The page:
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Laparoscopic surgery for two patients with strangulated transomental hernias

Abstract

Background

Transomental hernias are a rare type of internal hernia. We report two cases of successful cases of laparoscopic repair. One required laparotomy due to concern for intestinal viability.

Case presentation

The first patient was a 67-year-old man who presented with abdominal pain and vomiting. He had no history of laparotomy or abdominal injury. Computed tomography suggested small bowel obstruction and possible intestinal strangulation. Emergent laparoscopy found approximately 200 cm of small bowel was strangulated around the greater omentum. The strangulation was released laparoscopically, but because of the color of the strangulated bowel, laparotomy was performed to evaluate viability. The involved portion of intestine was not resected. The patient experienced transient postoperative paralytic ileus and was discharged on postoperative day 14. The second patient was a 56-year-old man who presented with abdominal pain. Abdominal computed tomography revealed dilatation of the small intestine and a closed loop suggesting ileus due to intestinal strangulation. An emergency laparoscopy found a transomental hernia, and the strangulation was released laparoscopically. Recovery was uneventful, and the patient was discharged on postoperative day 6.

Conclusion

Transomental hernia can be successfully treated laparoscopically. In cases where bowel viability is a concern, laparotomy should not be hesitated.

Background

Transomental hernia is a rare cause of small bowel obstruction that may occur in patients without a history of abdominal surgery or trauma. It is an internal hernia in which the intestine is inserted into a transomental hiatus that is congenital or the result of trauma or atrophy of connective tissue. The incidence of internal hernias has been estimated as 0.2–0.9% in autopsy studies. Transomental hernias involving the greater or lesser omentum are rare, accounting for approximately 1–4% of internal hernias [1,2,3]. Preoperative diagnosis is difficult because of a lack of specific clinical findings. Prompt laparoscopic surgery is effective for treating internal hernias and spontaneous transomental hernias without evidence of necrosis or perforation of the hernial contents [3, 4]. We report consecutive two cases of transomental hernia through the greater omentum without any history of abdominal surgery or trauma. The incarcerated small bowel was released laparoscopically in both patients but the first case was switched to a laparotomy to evaluate the viability of the strangulated intestine.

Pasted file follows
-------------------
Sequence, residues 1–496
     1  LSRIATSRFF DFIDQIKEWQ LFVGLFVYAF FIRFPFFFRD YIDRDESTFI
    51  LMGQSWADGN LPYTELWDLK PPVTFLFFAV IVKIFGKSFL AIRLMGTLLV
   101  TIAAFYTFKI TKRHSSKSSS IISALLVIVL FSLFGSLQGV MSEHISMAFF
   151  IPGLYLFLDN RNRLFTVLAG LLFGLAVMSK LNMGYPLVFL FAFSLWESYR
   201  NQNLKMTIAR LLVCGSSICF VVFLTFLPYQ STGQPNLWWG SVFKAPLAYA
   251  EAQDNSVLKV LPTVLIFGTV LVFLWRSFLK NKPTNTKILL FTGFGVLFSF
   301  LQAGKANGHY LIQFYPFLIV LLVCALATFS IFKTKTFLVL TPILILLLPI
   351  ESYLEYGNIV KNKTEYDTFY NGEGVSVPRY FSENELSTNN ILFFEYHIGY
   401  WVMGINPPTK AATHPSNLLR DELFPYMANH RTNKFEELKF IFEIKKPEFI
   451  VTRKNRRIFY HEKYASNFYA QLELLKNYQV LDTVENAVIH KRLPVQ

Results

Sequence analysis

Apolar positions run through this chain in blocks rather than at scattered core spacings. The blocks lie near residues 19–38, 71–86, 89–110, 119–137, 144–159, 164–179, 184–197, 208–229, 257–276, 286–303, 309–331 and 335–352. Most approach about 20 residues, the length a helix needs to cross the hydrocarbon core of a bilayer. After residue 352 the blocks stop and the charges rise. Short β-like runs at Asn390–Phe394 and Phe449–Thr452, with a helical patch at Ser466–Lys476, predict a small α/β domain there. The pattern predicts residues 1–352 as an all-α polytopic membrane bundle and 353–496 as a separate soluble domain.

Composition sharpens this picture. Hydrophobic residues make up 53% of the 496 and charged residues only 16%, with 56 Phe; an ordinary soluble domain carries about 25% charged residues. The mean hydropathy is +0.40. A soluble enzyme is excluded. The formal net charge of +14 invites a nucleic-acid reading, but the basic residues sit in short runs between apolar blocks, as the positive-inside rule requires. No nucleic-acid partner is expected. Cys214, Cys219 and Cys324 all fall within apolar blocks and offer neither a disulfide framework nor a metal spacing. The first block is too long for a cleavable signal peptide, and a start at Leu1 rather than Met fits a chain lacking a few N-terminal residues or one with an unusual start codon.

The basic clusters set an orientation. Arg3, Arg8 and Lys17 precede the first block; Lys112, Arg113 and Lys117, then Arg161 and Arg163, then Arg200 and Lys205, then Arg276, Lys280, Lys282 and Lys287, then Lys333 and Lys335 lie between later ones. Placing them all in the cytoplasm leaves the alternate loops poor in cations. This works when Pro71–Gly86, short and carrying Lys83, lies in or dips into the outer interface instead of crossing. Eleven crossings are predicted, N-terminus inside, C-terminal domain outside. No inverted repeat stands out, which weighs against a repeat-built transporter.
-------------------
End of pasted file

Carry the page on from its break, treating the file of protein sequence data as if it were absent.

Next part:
Case presentation

Case 1

A 67-year-old man with a history of hypertension and diabetes presented with abdominal pain, bloating, and vomiting. He had no history of abdominal injury or abdominal surgery. There were no signs of peritoneal irritation, and he had no fever. Blood tests showed mild dehydration, and the initial laboratory evaluation revealed no abnormalities, but indicated a minimal inflammatory reaction with a white blood cell count of 10.4 K cells/mm3 (normal 3.9–9.8) and C-reactive protein of 0.06 mg/dL (normal 0.0–0.3). Plain abdominal computed tomography (CT) revealed dilatation and content retention in the small intestine, but the origin of the obstruction was not clear. The diagnosis was small bowel obstruction, and the patient was admitted for fasting. The abdominal tenderness increased, and abdominal contrast-enhanced computed tomography (CE-CT) on the day after hospitalization showed small bowel obstruction with a fat notch sign that suggested strangulation ileus caused by an internal hernia (Fig. 1). Emergency laparoscopic surgery was conducted with three ports, a 10-mm umbilical port, a 10-mm left lower quadrant port, and a 5-mm lower midline port. Laparoscopy revealed a small amount of hemorrhagic ascites and that the small intestine had herniated through an abnormal hiatus of the greater omentum and was strangulated. Approximately 200 cm of strangulated small bowel was laparoscopically reduced and replaced in the abdominal cavity without injury. It was difficult to judge the viability of the intestine by the color only under the laparoscope (Fig. 2), and the procedure was converted to the laparotomic approach. A laparotomy, with an 8-cm midline incision, allowed visualizing and palpating the entire length of the involved intestine and the mesentery. Peristalsis was seen, and there was no evidence of necrosis of any part of the intestinal wall. The intestinal tract was preserved unresected. A defect with 3 cm in diameter of the omentum was closed with continuous suture through the laparotomy wound. The total operative time was 168 min. Postoperative paralytic ileus resolved in 5 days of conservative treatment. Oral intake resumed on postoperative day 13, and a postoperative abdominal CE-CT confirmed intact blood supply to the intestine. The patient was discharged on postoperative day 14.